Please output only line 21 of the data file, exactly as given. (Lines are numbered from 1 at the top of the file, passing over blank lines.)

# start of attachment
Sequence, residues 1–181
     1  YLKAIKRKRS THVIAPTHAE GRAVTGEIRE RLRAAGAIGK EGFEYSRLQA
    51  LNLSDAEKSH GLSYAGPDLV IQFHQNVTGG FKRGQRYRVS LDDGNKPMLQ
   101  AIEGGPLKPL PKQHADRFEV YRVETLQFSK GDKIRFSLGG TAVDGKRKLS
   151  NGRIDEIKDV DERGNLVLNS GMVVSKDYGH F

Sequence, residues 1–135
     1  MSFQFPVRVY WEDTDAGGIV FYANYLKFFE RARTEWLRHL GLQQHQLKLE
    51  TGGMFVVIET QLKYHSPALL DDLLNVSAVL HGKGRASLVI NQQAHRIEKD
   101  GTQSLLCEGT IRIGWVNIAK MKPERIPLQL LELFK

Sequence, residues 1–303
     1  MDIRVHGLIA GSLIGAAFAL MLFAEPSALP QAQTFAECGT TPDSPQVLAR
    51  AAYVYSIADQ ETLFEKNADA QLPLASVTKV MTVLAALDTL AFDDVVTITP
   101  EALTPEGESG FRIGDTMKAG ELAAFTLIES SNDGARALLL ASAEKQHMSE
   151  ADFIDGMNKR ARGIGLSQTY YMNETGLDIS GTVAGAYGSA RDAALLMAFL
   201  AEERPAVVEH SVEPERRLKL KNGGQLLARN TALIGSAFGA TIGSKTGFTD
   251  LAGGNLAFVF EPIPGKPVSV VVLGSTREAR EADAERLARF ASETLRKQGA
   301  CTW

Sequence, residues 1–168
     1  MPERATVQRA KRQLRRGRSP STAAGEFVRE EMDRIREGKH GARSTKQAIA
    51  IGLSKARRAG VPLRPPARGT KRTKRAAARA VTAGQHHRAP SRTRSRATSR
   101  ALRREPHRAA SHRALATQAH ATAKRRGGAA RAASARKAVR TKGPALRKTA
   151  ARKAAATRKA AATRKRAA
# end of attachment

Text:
   101  ALRREPHRAA SHRALATQAH ATAKRRGGAA RAASARKAVR TKGPALRKTA